waiting as long as there’s an illusion of labor. The labor illusion is “a demonstration of effort, whether literal or not, expended to meet the customer’s request.” This article goes on to quote that “many customers who endure waits but see a running tally of tasks end up happier than those who don’t have to wait at all.” In short: keep your customers happy by demonstrating the steps you’re taking to get a job done.
A simple way to achieve this is to use a GPS system to track your team’s progress. That way you can keep the customer informed with the exact location and status of each job.
Here are a few other ways to keep customers happy:
- Send short, handwritten notes to customers.
- Randomly give out small surprise gifts to customers, like a $5 gift card to a local coffee shop.
- Give customers a few free deliveries every year.
2. Be flexible and responsive to customers.
Here are a few ways that your company can be more flexible and responsive for customers.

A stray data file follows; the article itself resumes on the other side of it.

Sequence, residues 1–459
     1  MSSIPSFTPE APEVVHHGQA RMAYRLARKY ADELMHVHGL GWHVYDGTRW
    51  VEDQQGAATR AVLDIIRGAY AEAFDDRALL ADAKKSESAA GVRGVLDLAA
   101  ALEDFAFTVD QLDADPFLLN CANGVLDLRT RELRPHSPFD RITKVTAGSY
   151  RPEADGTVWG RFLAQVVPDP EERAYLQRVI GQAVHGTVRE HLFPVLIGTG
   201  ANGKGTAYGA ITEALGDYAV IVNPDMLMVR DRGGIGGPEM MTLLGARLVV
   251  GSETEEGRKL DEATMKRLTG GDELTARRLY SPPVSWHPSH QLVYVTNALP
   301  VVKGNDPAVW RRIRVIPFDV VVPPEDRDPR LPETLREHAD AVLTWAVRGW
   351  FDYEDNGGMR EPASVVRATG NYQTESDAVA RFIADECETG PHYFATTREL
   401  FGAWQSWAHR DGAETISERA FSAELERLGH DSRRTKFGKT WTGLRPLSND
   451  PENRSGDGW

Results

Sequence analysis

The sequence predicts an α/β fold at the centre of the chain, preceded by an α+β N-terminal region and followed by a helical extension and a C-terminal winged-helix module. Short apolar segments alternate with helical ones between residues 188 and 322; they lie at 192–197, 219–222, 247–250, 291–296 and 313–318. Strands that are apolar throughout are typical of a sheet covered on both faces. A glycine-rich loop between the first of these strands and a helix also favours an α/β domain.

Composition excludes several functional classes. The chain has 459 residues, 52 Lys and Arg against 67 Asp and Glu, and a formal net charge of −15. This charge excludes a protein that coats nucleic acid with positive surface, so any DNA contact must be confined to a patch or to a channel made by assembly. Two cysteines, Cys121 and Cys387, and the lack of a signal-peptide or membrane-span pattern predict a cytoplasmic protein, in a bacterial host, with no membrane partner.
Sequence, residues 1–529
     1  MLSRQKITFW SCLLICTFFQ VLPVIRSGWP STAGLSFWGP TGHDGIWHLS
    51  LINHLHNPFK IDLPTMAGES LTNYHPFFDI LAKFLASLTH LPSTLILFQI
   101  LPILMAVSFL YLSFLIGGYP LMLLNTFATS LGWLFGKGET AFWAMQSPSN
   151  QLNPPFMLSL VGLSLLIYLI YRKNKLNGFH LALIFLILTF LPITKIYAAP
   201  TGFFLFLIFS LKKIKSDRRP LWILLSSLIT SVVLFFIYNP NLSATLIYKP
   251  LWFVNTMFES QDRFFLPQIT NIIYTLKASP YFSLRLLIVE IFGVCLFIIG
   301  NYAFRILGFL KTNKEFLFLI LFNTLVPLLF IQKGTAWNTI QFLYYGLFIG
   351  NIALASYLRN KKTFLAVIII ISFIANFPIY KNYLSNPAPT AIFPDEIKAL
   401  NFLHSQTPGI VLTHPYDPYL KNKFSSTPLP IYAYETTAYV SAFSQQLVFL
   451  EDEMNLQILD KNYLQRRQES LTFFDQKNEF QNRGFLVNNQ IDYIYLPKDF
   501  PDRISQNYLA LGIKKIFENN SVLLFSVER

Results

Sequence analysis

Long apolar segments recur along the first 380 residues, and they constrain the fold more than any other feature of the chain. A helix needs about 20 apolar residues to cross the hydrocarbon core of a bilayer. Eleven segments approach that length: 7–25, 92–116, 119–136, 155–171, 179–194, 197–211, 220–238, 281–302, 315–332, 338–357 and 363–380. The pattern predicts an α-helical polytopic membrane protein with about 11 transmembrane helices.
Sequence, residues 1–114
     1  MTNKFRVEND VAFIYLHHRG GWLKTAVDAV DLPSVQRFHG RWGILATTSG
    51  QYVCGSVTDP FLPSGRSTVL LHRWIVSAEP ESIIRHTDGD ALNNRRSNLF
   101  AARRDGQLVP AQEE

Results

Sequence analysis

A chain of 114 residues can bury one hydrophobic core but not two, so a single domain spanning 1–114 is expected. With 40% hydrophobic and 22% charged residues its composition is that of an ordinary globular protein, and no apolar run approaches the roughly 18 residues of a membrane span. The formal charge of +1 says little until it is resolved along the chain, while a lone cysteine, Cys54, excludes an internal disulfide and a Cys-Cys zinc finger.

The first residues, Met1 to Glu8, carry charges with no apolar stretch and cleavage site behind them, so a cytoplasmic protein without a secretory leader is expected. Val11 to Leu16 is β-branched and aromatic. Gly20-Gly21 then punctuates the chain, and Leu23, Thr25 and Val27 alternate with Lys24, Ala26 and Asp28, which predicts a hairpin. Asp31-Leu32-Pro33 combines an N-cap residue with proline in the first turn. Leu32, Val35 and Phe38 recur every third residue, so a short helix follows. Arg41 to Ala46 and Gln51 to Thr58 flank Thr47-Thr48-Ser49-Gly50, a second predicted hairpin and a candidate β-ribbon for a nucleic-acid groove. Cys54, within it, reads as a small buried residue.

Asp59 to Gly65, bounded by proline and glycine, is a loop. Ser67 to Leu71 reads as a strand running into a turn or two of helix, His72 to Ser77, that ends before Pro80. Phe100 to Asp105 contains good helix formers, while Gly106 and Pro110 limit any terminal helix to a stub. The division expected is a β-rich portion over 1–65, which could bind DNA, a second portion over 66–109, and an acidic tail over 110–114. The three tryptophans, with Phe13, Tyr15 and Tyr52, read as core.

- Create a flexible schedule with many drivers. This guarantees that drivers will be available if a schedule unexpectedly changes.
- Use technology. Paper and pen can be an inefficient way to keep track of customer data. Try software that’s built to efficiently communicate and store customer data. You can also try using mobile phones, which automatically store customer contact information in a convenient location.
- You can call the customer just to say, “Hey, just checking to see if you were happy with our product/service.” Be sure to really listen to your customer.
3. Keep records of customer history.
It costs about five to six times more to gain a new, first time customer than to keep a current one 2. One way to successfully retain customers is to store and analyze customer information in a consolidated location.